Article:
Kris, we did a comparison of starred reviews for Newbery books in the past five years under the December post, “Twinkle, Twinkle, Little Star.”

    Wendy, since stars and bests are not part of the criteria no committee ever formally considers them. Maybe I’m not making myself clear. Compare and contrast the 2007 and 2009 books that the journals ignored.

    THE HIGHER POWER OF LUCKY was starred and bested by Kirkus. PENNY FROM HEAVEN was unstarred and unbested. Ditto for RULES, but it did receive the Schneider Family Book Award. HATTIE BIG SKY got two starred reviews and made BBYA.

    The review journals were very kind to THE GRAVEYARD BOOK and SAVVY and both them earned numerous accolades in addition to their Newbery recognition.

    THE UNDERNEATH was starred and bested by only Booklist, but it was also shortlisted for the NBA. THE SURRENDER TREE was also only starred and bested by Booklist, but it won the Belpre, the Americas, the Jane Addams Award, the Claudia Lewis Poetry Award, and a Lee Bennett Hopkins Poetry Honor. AFTER TUPAC AND D FOSTER only got two starred reviews, but also made BBYA, won the Josette Frank Award, and was shortlisted for the Amelia Walden Award.

    Both committees recognized titles that the review journals passed over–and they were right to do so. In the case of the 2008 committee, however, all of their choices were validated by other sources of authority.

    These years represent extremes. Most years there is a mix of validated and ignored titles. In 2008, GOOD MASTERS!, ELIJAH OF BUXTON, and WEDNESDAY WARS were validated; FEATHERS was not. In 2006, CRISS CROSS, HITLER YOUTH, and SHOW WAY were validated; PRINCESS ACADEMY and WHITTINGTON were not. In 2005, LIZZIE BRIGHT, THE VOICE THAT CHALLENGED A NATION, and AL CAPONE were validated; KIRA-KIRA was not.

  13. Jonathan, you’re not addressing the point, which maybe you didn’t mean to involve yourself in in the first place–I think you imply above that the Newbery committee should see to it that they honor some of the starred titles or they’ll lose credibility, rather than focusing only on the criteria.

  14. As far as finding exciting books(fiction books), and them being distinctive at the same time…let’s face it–they’re just not being written today.
    That’s why non-fiction has been so strong lately(including civil-rights and WWI).

    I guess I’m thinking specifically of the lack of exciting fiction books like the Witch and the Wardrobe, Wrinkle in Time, The Golden Compass, The Hobbit.
    Those books are masterpieces, classics, Timeless.
    Yes, I think a distinctive book can’t suffer from an expiration date.

    Unfortunately, many of the authors writing fiction books today choose to set them the present(a la Percy Jackson), complete with Internet and I-pods.
    And just as unfortunate, in ten years these same books will be like reading books containing refrences to 8-Track tape players.

    Wrinkle in Time and When You Reach Me both deal in questions of the dimension of time…the first book is timeless. The second makes reference to the $20,000 Pyramid. Just how well well that book age?

  15. Oops…my last sentence above should read:
    Just how well will that book age?

  16. Jonathan Hunt says:

    Wendy, I think that the Newbery committee should honor *some* of those titles, not because they are starred or bested, but because they are distinguished, and several of them can lay claim to *most* distinguished.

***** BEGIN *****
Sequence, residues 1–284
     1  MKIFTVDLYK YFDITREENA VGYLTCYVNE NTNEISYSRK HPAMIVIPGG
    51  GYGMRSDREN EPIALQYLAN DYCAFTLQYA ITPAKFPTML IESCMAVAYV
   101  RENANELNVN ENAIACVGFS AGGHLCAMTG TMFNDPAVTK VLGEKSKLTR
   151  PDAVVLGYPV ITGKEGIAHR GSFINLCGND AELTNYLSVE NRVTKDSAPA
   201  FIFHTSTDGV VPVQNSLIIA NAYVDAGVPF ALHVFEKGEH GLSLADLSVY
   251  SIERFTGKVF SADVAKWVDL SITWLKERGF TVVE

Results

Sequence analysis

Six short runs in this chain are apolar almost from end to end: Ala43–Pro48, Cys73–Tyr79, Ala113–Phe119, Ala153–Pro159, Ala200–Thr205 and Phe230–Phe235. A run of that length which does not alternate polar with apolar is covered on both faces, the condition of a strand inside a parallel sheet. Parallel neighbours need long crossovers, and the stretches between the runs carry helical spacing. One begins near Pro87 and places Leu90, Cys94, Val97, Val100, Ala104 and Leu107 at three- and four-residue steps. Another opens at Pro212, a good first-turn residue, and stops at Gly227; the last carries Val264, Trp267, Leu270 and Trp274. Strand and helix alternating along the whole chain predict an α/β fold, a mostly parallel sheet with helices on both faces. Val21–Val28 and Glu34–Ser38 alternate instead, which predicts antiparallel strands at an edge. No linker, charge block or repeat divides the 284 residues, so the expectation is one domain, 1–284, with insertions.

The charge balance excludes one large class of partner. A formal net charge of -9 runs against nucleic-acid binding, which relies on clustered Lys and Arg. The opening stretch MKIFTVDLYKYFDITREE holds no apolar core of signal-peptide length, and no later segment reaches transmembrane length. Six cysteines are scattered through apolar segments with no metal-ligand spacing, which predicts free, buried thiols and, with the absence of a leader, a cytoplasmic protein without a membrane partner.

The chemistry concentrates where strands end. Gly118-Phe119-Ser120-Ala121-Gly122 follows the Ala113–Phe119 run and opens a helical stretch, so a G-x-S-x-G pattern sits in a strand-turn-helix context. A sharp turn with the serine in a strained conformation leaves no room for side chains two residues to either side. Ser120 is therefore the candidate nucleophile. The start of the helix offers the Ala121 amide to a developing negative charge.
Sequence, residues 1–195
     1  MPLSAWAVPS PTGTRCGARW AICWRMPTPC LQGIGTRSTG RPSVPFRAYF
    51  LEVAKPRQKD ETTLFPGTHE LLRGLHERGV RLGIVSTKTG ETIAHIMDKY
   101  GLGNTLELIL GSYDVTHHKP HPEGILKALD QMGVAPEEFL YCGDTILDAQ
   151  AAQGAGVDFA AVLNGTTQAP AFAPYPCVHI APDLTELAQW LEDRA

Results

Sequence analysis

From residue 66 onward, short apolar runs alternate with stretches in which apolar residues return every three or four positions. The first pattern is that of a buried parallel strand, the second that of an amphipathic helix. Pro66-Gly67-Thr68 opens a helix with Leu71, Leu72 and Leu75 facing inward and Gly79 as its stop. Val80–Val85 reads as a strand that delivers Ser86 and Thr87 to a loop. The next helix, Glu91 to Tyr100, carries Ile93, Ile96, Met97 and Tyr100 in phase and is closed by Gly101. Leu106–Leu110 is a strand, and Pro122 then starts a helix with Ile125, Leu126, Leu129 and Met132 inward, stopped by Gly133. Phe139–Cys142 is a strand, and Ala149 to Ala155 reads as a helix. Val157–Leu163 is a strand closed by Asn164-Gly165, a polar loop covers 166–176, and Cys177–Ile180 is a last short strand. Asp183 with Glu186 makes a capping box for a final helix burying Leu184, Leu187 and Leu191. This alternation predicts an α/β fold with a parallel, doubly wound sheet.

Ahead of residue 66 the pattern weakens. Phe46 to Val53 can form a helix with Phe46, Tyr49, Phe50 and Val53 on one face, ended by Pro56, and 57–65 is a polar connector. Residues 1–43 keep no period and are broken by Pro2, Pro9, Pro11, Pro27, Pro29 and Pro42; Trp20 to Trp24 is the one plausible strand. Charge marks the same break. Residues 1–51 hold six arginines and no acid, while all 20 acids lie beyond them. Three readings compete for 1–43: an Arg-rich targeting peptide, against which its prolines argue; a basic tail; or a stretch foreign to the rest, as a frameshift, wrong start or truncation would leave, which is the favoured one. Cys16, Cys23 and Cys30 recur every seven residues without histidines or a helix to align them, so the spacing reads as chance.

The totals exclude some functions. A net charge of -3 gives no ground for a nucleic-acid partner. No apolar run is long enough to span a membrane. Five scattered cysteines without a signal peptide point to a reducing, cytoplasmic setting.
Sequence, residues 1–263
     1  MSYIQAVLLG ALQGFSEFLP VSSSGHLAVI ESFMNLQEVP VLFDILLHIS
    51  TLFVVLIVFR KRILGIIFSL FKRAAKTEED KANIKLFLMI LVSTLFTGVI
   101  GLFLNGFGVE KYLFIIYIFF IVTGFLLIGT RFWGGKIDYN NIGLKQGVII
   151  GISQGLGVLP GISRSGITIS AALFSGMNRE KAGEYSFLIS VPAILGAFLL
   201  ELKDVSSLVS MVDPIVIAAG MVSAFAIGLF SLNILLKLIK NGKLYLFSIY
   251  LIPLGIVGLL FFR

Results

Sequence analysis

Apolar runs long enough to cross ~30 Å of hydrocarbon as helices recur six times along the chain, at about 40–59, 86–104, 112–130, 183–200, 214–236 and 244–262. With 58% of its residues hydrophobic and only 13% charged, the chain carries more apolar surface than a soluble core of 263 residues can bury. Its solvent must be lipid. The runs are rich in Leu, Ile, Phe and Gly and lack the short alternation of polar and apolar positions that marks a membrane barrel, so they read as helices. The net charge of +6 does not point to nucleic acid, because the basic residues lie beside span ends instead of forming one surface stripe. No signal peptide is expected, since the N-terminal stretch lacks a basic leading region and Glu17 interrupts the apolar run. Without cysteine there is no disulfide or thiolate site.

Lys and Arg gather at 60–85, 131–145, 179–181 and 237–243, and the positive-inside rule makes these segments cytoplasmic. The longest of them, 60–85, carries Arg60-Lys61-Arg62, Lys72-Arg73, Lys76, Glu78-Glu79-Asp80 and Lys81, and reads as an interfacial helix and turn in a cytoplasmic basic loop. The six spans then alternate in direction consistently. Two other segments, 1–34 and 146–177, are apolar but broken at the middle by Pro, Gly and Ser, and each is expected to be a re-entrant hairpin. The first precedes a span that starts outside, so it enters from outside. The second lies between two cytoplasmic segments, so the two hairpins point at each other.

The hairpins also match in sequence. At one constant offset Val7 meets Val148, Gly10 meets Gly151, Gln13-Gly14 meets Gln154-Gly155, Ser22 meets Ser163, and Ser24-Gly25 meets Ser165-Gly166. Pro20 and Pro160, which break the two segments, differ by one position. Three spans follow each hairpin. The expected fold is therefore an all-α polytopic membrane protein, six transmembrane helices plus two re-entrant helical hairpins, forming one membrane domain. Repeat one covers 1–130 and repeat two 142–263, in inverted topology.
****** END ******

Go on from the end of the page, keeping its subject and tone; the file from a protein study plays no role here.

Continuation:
People often complain when the same books win awards over and over again or get multiple starred reviews or get all the buzz. But I think part of the reason for that is that it’s easier to build consensus around a genuinely excellent title than an average or mediocre one.

    Anon, the book you are looking for–THE LOST CONSPIRACY–is ineligible because its author is British.

  17. Why is it only the…

    British(Hardinge, Delaney[Last Apprentice]),
    Australians (Flanigan[Ranger’s Apprentice])
    Germans(Funke…OK so she now lives in L.A.)

    …who can write Good Adventure Books???

    P.S. I know I’ve missed a ton of names…

  18. Dean Schneider says:

    I hate it when good books are reduced to labels. I just recently read MARCELO and thought it was one of the best books I had read in a long time, and I immediately ordered a couple of copies for my classroom library, knowing some eighth graders who will love it. And when my 23-year-old son returns from travels in Europe, I can’t wait to give it to him. He’s applying to law school, and this will be an important book for him to read, and I have no doubt he will like it a lot. So, anon. (wish you had a real name), to reduce this to “Geez….a book about Asperger’s” really is silly and does an injustice to an excellent, intelligent book that many young readers will like a lot. To reduce books to one criterion such as “exciting”–not even a Newbery crierion–is simplistic.

    As for “Geez….Not one, but two books on the civil-rights movement”: Is there a quota on the number of excellent books there can be about a subject? I’d love to be on this year’s Newbery committee arguing for MARCHING FOR FREEDOM and CLAUDETTE COLVIN. They’re not great because of what might be lacking in exciting fiction, they’re great in and of themselves. We underestimate kids when we say they don’t like nonfiction. If we give them a chance–and good nonfiction–they will like it. I read Susan Bartoletti’s Hitler Youth with my 8th graders, and they like it; they can see it for the excellent, involving literature that it is.

    I had three seventh graders–friends of each other–all agree to read WHEN YOU REACH ME at the same time (I had several copies in my classroom library), and they all read it in one day, and they all liked it and recommended it to other students.